From the Heart
It’s been quite some time since I last wrote. Serious writing, that is. I am one of those for whom words do not flow. I am guessing that happens if one thinks too hard. If one thinks from the heart and writes what the heart says then that perhaps makes for better writing. That goes perhaps for everything in life. Do it from the heart and you’ll
do it great.
Teaching is such a splendid profession (oh well, let’s ignore the Corrections bit for now) – it’s because you are dealing with children and there is no other way to connect with them other than through the heart. It is only those who really truly love children that love teaching. Love does not come from the mind. You cannot say ‘I think I will love this child’. You will love him or you won’t.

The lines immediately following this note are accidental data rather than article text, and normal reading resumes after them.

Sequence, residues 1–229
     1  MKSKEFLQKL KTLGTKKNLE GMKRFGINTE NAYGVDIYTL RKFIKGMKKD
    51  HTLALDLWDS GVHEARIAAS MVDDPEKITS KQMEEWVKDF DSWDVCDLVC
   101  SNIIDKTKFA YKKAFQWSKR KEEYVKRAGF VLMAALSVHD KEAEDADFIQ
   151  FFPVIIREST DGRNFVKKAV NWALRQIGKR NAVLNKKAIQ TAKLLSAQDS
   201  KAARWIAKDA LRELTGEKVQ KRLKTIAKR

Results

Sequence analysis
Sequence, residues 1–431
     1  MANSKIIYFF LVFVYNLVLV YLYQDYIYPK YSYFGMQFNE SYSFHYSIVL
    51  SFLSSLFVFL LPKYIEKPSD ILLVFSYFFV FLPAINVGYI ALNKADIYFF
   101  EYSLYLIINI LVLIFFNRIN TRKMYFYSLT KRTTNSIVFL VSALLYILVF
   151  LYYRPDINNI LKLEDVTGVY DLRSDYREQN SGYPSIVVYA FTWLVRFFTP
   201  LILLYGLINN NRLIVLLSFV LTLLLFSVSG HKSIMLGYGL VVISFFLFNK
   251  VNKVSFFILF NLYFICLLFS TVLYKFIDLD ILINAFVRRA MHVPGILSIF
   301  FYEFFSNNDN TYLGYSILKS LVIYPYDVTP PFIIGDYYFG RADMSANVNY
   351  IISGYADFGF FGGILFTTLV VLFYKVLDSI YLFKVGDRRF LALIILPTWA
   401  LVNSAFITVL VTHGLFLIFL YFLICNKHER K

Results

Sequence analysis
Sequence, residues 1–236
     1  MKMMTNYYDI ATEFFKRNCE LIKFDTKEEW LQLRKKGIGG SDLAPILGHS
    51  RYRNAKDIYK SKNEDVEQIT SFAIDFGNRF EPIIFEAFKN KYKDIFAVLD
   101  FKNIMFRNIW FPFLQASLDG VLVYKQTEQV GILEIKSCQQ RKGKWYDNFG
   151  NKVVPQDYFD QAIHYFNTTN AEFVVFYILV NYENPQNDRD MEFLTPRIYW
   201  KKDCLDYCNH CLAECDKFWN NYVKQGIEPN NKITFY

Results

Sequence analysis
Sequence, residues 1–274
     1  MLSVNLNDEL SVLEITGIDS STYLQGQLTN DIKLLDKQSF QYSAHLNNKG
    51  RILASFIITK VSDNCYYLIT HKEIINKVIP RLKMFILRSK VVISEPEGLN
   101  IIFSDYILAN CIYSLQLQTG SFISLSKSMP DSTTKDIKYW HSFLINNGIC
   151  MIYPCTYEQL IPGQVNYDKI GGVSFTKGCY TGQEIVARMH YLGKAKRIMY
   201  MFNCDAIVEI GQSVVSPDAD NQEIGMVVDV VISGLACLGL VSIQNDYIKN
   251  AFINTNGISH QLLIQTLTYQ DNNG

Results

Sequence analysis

Let’s look at what love can do to a child. I shall share some of my own experiences here. I am sure many teachers reading this would have had similar great moments. I will not lose sweat over what to refer to the child as: him or her and likewise the teacher.
A new child had joined in class six. He had missed at least two months of the term and in that while quite a bit of ground had already been covered in the subject I was teaching the class.